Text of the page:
Last updated by fabiowzgogo at 2014/6/16
Embroidery is one of a number of Chinese arts and crafts with a millennia-old history. Many believe embroidery developed subsequent to silk production. Whether its techniques originated first in the homes of villagers as a handicraft or were begun and refined by skilled artisans within palaces or the sumptuous homes of wealthy merchants or officials is impossible to determine, and indeed is probably irrelevant.
What is undeniable is that the Chinese today continue to produce matchless embroidered articles, some of which are expensive high quality pieces of art for display while many others are simply beautiful utilitarian cloth objects.
The quality of Chinese embroideries varies significantly, ranging from those that are exquisitely hand-embroidered, appearing like fine paintings, to others produced by computerized machines that crudely mimic hand embroidery, sometimes even with printed backgrounds.
The range of embroidered items is incredibly broad, including cloth-enshrouded cases, boxes, handbags, slippers, hats, lamp shades, bracelets, pillows, and an array of curios, including Christmas ornaments in addition to clothing, scarves, framed wall hangings, freestanding screens, and tabletop displays in many sizes.
To meet the demand from foreigners, embroidered linen and linen-like tablecloths, napkins, place mats, and table runners are now common in the embroidery shops in China.
There are four major centres of embroidery production in the country, each with characteristic stitches, distinctive themes, and unique textures that are employed by artisans with skilled hands, fine eyesight, and enhanced powers of concentration.
All are in areas where villagers not only grow mulberry bushes and breed silkworms but also weave cloth and ornament it with embroideries. In each centre is an Embroidery Research Institute and Museum dedicated to preserving traditional techniques while innovating with products that meet the needs of contemporary consumers.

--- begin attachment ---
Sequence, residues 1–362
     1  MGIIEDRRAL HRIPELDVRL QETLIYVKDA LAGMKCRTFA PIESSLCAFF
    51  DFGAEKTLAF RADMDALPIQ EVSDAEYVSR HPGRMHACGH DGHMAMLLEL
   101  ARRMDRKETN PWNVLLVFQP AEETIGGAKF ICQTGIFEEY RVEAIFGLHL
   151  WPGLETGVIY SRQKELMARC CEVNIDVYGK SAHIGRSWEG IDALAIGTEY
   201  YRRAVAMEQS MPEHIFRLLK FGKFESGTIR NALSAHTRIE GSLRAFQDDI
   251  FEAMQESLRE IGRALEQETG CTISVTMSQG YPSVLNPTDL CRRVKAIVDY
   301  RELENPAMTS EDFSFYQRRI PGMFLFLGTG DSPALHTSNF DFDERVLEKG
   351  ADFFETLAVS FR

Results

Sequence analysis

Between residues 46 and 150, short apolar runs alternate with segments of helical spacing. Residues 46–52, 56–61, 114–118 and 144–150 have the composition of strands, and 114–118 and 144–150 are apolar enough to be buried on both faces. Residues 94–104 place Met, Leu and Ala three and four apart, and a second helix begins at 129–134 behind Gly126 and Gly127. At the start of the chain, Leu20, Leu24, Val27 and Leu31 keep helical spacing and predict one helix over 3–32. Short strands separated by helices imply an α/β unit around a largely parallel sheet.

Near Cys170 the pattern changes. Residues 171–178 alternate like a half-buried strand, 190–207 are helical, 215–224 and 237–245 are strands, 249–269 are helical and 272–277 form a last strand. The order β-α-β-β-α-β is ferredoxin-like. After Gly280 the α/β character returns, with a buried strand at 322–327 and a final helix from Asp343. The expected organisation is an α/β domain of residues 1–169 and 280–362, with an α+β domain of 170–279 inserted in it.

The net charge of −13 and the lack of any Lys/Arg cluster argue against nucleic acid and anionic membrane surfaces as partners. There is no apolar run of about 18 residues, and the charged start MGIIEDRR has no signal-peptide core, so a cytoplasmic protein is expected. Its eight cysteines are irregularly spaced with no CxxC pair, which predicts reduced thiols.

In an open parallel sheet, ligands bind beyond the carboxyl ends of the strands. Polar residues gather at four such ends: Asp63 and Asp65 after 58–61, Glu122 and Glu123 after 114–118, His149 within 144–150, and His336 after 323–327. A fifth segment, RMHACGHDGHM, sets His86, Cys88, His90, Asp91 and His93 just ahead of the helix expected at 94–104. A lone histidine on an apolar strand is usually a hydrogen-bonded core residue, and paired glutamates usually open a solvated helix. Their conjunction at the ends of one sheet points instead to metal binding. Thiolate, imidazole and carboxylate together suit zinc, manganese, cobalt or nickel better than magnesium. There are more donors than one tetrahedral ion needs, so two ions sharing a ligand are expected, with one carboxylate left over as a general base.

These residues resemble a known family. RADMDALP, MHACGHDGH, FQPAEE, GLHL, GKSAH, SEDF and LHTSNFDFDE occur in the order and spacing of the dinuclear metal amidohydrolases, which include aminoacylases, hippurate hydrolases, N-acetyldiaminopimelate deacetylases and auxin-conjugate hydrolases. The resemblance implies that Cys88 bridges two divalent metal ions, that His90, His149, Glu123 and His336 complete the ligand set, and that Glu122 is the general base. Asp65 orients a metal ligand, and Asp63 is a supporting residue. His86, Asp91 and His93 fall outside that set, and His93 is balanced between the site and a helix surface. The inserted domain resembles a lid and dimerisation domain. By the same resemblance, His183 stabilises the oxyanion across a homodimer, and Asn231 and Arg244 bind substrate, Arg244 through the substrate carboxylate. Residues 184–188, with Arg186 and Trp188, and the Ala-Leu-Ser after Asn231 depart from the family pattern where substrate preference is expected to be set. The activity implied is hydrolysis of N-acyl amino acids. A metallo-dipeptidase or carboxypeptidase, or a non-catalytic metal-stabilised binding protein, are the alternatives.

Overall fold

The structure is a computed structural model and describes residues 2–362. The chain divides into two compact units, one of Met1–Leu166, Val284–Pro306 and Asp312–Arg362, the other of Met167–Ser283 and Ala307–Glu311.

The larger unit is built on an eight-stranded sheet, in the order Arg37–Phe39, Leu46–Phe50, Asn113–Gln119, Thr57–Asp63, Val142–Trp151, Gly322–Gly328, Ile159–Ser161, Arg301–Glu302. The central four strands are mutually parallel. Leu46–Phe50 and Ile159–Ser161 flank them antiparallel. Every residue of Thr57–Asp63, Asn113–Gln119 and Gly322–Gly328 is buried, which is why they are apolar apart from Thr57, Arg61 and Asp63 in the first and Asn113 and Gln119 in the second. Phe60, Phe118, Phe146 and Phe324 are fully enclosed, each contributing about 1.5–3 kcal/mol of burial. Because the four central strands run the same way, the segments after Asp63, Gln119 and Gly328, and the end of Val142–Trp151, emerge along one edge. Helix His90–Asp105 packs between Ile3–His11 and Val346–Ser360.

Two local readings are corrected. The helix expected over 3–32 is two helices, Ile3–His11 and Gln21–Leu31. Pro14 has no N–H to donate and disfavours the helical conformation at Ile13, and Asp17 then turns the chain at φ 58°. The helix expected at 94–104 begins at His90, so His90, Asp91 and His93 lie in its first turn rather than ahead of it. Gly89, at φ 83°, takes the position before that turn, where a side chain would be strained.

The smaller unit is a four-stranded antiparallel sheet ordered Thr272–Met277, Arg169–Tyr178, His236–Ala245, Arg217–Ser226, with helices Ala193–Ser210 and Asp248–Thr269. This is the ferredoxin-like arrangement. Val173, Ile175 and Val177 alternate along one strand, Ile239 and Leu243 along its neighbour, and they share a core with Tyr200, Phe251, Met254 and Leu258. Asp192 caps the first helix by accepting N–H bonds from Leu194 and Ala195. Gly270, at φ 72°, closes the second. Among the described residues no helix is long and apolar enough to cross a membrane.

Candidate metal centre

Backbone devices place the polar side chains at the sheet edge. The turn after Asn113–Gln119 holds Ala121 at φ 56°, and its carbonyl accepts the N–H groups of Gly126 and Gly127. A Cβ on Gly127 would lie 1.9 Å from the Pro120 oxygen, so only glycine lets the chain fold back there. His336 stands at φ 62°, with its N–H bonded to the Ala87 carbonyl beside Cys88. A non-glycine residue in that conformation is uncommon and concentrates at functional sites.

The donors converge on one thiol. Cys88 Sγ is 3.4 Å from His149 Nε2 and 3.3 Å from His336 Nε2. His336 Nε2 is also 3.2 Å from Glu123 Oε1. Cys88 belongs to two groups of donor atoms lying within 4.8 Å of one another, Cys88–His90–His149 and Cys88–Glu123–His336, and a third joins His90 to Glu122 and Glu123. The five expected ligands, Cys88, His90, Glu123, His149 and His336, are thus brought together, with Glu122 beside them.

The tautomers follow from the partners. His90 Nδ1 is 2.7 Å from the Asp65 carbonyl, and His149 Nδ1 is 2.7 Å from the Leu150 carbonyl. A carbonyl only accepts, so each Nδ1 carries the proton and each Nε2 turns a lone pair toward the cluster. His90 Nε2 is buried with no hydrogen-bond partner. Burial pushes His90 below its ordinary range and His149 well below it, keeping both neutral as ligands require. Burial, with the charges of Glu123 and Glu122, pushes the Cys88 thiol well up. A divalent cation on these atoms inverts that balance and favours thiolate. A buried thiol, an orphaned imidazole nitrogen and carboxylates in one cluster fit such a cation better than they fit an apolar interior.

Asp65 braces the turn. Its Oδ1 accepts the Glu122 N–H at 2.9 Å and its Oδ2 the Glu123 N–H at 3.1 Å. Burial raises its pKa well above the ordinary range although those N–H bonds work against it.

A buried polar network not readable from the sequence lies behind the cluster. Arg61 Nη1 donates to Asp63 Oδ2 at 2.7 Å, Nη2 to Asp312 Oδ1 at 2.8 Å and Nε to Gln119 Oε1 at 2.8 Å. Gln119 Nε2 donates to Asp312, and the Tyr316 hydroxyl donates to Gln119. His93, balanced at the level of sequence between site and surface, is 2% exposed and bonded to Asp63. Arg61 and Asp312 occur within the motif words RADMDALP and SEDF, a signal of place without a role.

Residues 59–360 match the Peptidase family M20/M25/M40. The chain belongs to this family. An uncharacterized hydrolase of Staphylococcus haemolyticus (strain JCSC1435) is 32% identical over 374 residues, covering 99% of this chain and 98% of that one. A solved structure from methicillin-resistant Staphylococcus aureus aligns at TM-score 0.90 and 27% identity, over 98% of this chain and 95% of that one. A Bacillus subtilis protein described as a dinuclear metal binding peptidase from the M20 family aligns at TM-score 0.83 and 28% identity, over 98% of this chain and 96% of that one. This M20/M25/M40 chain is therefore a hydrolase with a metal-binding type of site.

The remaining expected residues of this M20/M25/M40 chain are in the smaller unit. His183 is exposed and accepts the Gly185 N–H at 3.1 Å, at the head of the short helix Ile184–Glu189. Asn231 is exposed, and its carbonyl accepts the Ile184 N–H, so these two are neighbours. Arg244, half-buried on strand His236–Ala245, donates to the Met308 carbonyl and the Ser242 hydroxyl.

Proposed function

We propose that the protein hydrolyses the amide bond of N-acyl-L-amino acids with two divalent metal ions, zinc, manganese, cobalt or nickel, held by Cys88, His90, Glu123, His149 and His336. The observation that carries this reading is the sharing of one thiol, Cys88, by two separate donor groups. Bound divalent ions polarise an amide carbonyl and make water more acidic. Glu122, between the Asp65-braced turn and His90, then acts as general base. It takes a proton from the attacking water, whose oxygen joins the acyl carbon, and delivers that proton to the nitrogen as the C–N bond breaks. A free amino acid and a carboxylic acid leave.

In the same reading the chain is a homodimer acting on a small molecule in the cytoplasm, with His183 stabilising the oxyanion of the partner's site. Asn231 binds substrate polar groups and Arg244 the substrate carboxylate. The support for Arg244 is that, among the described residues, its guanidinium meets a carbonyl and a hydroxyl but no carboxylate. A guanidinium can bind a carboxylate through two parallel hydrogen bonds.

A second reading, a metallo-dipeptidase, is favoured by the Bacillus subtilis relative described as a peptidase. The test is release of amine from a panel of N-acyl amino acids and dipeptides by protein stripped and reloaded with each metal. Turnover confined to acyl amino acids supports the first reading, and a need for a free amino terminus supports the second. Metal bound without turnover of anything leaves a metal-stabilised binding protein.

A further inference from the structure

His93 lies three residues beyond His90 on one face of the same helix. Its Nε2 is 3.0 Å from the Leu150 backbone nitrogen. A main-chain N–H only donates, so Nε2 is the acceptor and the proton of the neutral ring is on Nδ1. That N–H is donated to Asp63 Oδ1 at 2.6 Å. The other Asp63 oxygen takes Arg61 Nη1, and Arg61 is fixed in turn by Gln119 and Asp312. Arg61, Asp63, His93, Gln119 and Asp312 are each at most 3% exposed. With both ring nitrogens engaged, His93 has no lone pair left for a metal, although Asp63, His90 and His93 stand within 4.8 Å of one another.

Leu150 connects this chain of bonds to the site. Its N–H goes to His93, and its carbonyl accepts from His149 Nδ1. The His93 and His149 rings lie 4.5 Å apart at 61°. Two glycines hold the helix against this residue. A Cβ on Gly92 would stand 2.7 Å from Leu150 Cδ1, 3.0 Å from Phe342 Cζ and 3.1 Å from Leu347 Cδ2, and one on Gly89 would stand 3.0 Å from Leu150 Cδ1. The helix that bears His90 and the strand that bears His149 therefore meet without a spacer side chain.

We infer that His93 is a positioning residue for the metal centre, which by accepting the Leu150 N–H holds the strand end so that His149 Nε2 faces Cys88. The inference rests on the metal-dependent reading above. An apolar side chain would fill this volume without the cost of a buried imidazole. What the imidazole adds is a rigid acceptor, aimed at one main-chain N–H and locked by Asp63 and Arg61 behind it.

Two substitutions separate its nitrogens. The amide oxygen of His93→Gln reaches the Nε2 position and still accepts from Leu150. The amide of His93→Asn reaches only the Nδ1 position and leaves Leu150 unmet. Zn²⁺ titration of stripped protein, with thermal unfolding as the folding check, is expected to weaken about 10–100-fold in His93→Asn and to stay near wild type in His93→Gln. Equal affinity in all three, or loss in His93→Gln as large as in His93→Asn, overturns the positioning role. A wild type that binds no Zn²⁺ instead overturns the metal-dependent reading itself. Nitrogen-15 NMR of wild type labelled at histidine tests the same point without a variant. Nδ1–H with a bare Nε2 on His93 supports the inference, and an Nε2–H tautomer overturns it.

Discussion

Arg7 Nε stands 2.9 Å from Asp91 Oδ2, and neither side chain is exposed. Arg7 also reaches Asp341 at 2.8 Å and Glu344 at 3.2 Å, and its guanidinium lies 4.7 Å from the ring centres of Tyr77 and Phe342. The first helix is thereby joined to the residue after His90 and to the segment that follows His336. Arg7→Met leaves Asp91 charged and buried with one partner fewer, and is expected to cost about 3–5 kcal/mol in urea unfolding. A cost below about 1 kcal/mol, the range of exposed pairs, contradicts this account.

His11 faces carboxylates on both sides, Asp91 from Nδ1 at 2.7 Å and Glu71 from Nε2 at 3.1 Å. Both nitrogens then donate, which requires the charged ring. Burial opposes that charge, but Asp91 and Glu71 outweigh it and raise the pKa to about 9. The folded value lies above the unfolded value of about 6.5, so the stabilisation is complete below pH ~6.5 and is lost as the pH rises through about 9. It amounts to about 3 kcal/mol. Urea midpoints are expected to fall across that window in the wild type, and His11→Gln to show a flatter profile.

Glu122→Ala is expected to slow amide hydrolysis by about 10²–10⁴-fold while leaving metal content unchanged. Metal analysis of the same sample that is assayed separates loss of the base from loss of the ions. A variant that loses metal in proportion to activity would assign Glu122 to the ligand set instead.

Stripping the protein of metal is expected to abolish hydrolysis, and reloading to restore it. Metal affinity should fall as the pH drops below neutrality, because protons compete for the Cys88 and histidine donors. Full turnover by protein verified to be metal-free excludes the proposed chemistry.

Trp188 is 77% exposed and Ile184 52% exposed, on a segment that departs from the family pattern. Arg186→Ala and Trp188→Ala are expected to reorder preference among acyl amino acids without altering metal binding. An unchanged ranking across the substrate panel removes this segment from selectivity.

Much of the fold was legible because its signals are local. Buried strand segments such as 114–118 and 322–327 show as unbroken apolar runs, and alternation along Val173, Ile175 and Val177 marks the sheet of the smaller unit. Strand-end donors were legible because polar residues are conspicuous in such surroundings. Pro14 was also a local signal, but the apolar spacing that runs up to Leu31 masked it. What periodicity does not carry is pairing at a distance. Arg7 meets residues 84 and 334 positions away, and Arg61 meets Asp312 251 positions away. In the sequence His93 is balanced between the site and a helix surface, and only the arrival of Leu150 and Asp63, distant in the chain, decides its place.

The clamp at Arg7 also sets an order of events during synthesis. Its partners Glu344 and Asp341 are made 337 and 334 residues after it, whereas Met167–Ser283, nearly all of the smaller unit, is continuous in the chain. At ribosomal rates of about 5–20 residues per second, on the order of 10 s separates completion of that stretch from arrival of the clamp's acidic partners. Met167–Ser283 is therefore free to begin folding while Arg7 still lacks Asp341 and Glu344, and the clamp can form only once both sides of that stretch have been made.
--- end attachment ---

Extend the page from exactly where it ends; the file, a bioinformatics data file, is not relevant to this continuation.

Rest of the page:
Dragons and birds are common themes in Chinese embroidery
Although as many as forty different stitches are sometimes claimed, there are actually four common ones with many variants: the satin stitch, couching stitch, stem stitch and seed stitch.
The satin stitch is preferred when the intent is to create a smooth surface with attention to simulating a kind of surface shading.
A couching stitch, which is essentially invisible, is one whose purpose is to anchor other stitches, especially gold silver threads that cannot be sewn directly onto the fabric.
Stem stitches involve the looping of a thread around another thread to heighten its presence, as for example in creating a prominent flower stem.
The intricate seed stitch, which appears in many variants, is referred to as the Chinese knot and sometimes the forbidden stitch or blind stitch because it is said to have ruined the eyes of young girls. This intricate stitch involves wrapping silk floss around a needle and then stitching it down on the fabric.
The Chinese knot rarely appears alone but instead is worked in rows or patterns so as to leave a finely textured surface of small rings. As the base cloth to be embroidered traditionally varied in weight from satin to gauze, today synthetic materials are often used as well.